How do you do detail work? I have broken every 1/32 bit I’ve used. I broke one on pine and one on maple. Is there a slower speed on the DeWalt router I should be using? I currently have it set to max speed. I start with a shallow cut, once the bit hits, it breaks. I also have a friend who wants to make an aluminum branding iron but I’m worried the bit will just snap since there is fine detail a small end mill will be required.
Thanks for the help.
Also, for 3D detail work a tapered end mill will be stronger. 1/32" is fragile
Not doing 3D just engraving. It seems like 1/16 is too large and rounds edges that shouldn’t be.
1 is fast enough in most cases. Can you post a little more info on your feed rate and depth of cut?
1/32 bits are just too fragile. I have broken far to many of them back when I was just cutting wax.
I now use a 1/4 tapered bit. It tapers to a fine point (1mm) for detailed 3D carving but has the strength of a larger bit. So far I have had very good results.
Here is an example:
Oak, cut at 100 inch/min (70 inch per min plunge) 2mm stepover
If you are doing 2D carving it will add a slight slope to your carves, much like a v bit does. But it is subtle and probably won’t mater too much on most projects.
I have not changed feed rates as I’m not sure it would do anything to a manually operated router. Cut depth is only 1/16 currently. I’d like to cut deeper but I’m just running test pieces first.
I’m simply trying to engrave cutting boards for either epoxy fill or inlays. Details in lettering and logos are high priority.
Then you might be better of with an engraving bit or v bit. Similar approach, the bit narrowing to a point will be a lot stronger. It gets a bit trickier in easel as the actual diameter of your bit will depend on your cut depth. But you should be able to math that out. Thought it may be easier to try a vbit specific program like f engrave that will do the math for you.
And any sloping in the cut will be hidden by the resin fill.
Inlays can get trickier - I have yet to try them but I have seen them done with v bits before.
With my projects I use a 1/8" but for block cutting and a V bit for the fine detail, and just adjust my designs around that. It has worked ok so far.
That’s not very deep. Which it can’t be with a v-bit.
Cut depth generally needs to be half the diameter of the bit so for 1/32 bits doc should be no more than .015
That is extremely helpful. I noticed Easel said there is no need to set feeds speeds, it does the work.
This was done with 1/16" roughing and 1/32" detail pass in Easel. My feeds and speeds for both were 35 in/min feed, 3 in/min plunge, and .002 DOC.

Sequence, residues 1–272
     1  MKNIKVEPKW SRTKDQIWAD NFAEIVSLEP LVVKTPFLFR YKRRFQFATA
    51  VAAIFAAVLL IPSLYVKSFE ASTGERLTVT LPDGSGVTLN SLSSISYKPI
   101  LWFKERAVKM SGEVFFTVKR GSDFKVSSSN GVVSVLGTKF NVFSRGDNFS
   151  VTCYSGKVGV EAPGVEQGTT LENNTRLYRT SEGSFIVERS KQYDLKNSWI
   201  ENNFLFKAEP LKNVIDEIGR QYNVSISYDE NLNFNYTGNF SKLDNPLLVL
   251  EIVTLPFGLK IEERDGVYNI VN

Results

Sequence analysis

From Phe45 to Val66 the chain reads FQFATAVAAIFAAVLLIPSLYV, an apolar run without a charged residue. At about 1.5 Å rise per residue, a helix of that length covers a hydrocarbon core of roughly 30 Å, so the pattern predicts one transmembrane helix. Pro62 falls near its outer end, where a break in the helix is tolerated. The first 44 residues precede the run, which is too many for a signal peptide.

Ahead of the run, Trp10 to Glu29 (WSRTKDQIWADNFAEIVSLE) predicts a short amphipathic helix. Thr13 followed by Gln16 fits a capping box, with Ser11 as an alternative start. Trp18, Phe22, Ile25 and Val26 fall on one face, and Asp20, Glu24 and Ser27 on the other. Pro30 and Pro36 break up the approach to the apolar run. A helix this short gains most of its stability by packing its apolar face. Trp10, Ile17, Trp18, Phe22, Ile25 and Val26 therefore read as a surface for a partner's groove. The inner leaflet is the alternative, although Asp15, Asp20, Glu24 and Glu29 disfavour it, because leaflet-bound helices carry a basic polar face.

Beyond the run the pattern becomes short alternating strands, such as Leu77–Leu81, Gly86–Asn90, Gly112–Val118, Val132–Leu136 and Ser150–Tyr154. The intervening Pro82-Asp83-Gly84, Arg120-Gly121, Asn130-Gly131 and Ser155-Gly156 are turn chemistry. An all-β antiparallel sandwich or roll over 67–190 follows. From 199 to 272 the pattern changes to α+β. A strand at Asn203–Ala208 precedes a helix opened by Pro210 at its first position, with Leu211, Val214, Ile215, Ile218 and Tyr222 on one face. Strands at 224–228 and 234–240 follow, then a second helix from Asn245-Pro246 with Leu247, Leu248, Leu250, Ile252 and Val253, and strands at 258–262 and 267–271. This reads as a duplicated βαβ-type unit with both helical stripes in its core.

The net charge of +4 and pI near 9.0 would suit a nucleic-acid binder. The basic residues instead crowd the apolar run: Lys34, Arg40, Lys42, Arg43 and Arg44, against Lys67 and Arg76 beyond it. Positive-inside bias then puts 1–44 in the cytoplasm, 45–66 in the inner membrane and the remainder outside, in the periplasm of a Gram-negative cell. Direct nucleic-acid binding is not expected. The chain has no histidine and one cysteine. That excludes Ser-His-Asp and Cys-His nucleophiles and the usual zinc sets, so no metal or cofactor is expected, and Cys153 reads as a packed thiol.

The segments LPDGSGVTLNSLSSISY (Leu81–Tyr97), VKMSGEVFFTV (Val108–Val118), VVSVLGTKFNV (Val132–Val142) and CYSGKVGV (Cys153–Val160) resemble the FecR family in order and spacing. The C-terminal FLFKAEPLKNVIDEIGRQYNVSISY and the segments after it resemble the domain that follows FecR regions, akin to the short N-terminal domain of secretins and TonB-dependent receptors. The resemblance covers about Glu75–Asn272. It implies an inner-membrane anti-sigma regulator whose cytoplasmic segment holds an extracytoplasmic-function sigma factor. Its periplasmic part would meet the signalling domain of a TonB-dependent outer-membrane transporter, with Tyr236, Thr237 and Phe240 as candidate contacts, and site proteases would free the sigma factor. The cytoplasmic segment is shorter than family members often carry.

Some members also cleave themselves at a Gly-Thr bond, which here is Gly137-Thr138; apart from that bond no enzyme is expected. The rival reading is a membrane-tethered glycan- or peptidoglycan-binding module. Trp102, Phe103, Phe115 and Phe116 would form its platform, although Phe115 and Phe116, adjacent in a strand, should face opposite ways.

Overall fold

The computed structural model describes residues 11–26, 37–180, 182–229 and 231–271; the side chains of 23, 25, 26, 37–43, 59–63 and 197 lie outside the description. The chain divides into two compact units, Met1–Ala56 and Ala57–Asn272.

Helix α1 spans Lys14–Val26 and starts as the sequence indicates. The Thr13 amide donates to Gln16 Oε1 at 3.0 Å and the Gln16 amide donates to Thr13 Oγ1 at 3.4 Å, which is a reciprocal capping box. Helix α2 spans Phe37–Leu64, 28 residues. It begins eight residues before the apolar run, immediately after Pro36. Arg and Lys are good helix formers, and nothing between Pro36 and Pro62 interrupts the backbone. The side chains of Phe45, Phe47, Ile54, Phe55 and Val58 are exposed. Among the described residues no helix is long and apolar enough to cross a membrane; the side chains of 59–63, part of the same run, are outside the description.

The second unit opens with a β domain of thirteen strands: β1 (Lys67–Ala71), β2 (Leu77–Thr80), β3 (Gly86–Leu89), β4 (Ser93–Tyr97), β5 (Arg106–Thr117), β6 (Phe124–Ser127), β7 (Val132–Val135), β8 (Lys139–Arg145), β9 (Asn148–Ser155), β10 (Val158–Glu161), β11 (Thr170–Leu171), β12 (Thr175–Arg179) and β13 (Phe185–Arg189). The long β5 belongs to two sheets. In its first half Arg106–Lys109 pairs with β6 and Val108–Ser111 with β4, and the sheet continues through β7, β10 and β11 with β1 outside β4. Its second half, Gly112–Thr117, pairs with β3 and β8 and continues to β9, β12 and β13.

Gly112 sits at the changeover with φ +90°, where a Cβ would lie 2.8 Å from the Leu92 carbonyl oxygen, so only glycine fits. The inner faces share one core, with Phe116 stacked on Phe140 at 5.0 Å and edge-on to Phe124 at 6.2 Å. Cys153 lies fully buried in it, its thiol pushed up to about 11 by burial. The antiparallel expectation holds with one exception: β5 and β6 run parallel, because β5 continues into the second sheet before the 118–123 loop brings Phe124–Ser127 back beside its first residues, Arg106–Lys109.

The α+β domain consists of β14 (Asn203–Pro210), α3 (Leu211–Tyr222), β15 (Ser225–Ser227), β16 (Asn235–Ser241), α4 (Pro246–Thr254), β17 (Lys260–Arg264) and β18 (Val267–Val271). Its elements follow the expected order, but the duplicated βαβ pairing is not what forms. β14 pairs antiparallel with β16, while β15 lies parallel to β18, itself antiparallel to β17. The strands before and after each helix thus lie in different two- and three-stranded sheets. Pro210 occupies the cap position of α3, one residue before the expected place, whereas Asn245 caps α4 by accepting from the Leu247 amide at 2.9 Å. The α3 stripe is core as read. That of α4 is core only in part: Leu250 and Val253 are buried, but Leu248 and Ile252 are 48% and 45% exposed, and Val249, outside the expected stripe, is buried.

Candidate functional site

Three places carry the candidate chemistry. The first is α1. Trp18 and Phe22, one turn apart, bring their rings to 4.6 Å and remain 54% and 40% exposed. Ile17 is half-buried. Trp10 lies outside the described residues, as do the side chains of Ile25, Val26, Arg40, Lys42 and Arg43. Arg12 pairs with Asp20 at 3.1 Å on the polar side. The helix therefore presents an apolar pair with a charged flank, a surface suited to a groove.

Small disclaimer though, I did end up breaking the 1/32" bit, but I don’t know how it broke. My roughing pass went 1/8" deep no problem. On the detail pass, I watched the machine till it was atleast half done, ~1/16" DOC and then walked away. It presumably did a couple more passes, and then I noticed the sound changed and when I went to check on it, it was air carving because the bit broke.
If I could make a recommendation for the branding iron, try and make it from brass and not aluminum. It holds heat much better. My old one was aluminum and I ended up melting it from heating it up with a blow torch. See below.
Ok, example as the board I am doing has personal info. I tried tests runs on my own logo. Fonts are completely lost as 1/16 is too large.
Dewalt speed 1. I’ve run my 1/32" bit at 80 ipm, 15 ipm plunge rate, 1/48" doc. The feed was a bit fast so I slowed it to 65 ipm. This was in pine but I’ve also done it in aspen. This was also just a detail pass.
The key is to do a roughing pass first with a big bit. Easel has a beta feature for this. It’s totally worth doing.
Fret slots on a guitar fretboard are way smaller than 1/32… Slow and shallow is the accepted practice.
This is all 1/32" in HIPS. It can be done but need the feeds and speeds right.
Dear god I want to see rest of this project.
Easel claims to be a simple to use product. All someone should need to do is important the gcode and press carve. Doesn’t sound like that’s how it works from comments.
I definitely need to work with it more, I’m new to the program and CNC.